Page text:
*indicates graduate-level course.
All courses listed below were taught at Indiana University.
*SOC-650 - Categorical Data Analysis - Instructor of Record
This graduate-level course deals with regression models in which the dependent variable is binary, nominal, ordinal, or count.
Models that are discussed include probit and logit for binary outcomes, ordered logit and ordered probit for ordinal outcomes, multinomial logit for nominal outcomes, and Poisson regression and zero inflated models for count.
This course is the second required course in the quantitative methods sequence in the IU sociology graduate program.
Prior to this, I was the lab instructor for two semesters when this course was taught by Prof. Scott Long.
*SOC-554 - Statistical Techniques in Sociology - Lab Instructor, with Prof. Patricia McManus
This graduate-level course provides a systematic introduction to the classical linear regression model used to analyze continuous outcomes.
Students will gain an understanding of the foundational principles and assumptions of the linear regression model.
Other statistical techniques for observational data are discussed including survey estimation, instrumental variable estimation, and structural equation models.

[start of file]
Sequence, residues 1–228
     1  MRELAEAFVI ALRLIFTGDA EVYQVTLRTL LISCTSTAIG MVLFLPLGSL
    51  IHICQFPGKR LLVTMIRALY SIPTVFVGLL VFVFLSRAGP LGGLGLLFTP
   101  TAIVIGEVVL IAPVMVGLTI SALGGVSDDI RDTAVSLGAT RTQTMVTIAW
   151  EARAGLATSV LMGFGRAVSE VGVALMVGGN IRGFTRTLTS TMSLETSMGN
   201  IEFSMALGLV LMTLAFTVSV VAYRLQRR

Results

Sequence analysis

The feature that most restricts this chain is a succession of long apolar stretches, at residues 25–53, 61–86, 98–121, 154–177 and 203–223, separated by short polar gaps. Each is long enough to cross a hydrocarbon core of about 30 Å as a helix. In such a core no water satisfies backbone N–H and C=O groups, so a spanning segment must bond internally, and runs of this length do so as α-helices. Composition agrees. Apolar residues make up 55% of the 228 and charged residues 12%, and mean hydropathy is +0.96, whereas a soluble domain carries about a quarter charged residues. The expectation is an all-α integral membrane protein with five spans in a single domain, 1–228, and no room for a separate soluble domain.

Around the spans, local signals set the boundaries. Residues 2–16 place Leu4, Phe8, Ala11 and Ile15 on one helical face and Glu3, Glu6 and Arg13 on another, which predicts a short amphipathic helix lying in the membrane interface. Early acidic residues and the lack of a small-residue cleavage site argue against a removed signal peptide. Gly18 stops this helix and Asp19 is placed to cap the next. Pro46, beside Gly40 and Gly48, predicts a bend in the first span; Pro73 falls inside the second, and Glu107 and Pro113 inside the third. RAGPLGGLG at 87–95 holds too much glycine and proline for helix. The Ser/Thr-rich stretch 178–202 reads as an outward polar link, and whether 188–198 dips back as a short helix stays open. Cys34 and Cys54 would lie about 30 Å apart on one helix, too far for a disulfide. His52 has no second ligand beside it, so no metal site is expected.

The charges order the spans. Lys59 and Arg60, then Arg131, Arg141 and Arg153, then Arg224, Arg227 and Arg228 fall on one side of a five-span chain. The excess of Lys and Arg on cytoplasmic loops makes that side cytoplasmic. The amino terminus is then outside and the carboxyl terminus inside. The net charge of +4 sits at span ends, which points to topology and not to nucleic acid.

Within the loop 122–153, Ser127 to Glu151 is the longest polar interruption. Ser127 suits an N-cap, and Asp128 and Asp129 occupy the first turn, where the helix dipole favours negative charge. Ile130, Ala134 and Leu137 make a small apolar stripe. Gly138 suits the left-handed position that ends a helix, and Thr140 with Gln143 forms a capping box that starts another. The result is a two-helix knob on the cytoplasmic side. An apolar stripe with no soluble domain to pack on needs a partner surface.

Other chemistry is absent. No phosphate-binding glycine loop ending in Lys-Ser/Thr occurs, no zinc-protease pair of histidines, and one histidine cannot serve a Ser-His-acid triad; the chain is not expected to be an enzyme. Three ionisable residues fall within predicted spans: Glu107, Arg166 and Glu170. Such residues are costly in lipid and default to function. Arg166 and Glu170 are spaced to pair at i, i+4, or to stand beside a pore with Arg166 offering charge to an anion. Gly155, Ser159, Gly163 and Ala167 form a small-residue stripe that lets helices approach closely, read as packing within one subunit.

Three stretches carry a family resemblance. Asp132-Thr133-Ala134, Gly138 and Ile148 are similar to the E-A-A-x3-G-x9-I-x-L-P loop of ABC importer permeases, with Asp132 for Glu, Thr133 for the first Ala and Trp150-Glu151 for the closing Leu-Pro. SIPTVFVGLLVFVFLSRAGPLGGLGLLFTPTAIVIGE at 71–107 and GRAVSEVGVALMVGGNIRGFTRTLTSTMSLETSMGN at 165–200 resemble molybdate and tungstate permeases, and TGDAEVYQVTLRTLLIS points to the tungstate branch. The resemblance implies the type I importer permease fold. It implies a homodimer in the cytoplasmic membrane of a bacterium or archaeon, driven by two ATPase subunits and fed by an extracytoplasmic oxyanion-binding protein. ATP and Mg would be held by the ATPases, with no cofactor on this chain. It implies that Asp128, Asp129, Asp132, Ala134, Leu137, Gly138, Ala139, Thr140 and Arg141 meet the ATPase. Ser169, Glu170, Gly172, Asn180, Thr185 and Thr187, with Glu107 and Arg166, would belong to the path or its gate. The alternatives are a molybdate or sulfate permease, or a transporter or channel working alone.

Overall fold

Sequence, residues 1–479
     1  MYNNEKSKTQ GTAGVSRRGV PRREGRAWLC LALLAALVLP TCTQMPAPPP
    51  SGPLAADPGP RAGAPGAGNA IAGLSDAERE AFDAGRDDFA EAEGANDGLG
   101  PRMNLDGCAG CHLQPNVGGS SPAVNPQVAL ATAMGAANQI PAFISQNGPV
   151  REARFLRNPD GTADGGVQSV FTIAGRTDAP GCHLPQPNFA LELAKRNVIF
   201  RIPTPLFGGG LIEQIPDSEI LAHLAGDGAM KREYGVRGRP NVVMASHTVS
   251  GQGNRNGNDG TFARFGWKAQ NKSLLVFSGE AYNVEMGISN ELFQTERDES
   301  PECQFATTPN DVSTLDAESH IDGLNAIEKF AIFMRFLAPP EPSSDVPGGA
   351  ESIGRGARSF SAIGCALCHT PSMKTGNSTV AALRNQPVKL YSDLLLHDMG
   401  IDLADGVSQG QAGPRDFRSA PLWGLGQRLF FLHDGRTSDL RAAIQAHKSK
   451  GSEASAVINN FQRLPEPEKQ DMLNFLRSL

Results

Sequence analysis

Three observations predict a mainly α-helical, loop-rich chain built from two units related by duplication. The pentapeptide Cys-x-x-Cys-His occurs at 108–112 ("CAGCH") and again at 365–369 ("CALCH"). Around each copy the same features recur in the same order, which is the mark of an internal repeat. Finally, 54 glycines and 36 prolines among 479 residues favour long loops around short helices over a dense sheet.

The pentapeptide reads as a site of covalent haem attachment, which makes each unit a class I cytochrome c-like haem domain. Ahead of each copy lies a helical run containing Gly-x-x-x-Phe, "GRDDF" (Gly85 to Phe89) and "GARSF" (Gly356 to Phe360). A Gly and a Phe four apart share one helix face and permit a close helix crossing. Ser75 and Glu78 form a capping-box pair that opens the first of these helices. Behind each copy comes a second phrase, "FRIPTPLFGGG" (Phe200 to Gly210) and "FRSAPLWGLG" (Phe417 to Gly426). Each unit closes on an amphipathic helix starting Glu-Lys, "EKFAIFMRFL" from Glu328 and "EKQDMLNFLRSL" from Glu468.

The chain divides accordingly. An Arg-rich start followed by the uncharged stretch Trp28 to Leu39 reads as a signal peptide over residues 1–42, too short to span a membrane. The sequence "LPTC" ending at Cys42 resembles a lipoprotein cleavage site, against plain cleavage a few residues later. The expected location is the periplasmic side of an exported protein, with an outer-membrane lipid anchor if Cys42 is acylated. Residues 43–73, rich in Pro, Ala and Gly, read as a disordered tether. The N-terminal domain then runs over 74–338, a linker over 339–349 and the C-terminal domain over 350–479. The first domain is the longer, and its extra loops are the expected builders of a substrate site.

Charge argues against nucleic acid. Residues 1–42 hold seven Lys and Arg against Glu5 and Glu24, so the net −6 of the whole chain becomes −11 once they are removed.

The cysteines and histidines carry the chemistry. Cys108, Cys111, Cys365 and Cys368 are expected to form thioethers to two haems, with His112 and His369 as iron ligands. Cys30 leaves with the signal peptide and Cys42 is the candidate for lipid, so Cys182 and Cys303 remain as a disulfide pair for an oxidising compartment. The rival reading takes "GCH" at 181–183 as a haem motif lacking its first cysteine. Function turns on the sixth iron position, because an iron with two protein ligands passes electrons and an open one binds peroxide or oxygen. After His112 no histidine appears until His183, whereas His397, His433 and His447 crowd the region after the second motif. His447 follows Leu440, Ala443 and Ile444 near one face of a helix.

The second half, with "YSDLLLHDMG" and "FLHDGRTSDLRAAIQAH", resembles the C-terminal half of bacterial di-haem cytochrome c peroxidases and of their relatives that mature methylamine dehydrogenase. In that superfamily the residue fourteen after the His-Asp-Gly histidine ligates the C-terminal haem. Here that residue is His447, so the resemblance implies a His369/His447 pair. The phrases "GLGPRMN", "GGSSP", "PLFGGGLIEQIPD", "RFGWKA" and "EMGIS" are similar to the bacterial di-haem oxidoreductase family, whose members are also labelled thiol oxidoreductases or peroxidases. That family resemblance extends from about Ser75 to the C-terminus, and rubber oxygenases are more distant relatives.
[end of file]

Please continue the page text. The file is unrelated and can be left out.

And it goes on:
(taken from Prof. McManus' syllabus)
SOC-100 - Introduction to Sociology - Instructor of Record
The goal of this course is to provide students with a broad overview of the field of sociology and to help them develop an informed perspective on society. Students will develop and use critical thinking skills to explore issues related to power, political economy, inequality, class, race, gender, and other major social forces. While much of our discussions will deal with the American experience, the course will also adopt a comparative perspective and explore these issues in other societies, both past and present. In addition to learning about these topics through classical sociological theories and current research, students will discuss these issues in the context of current events.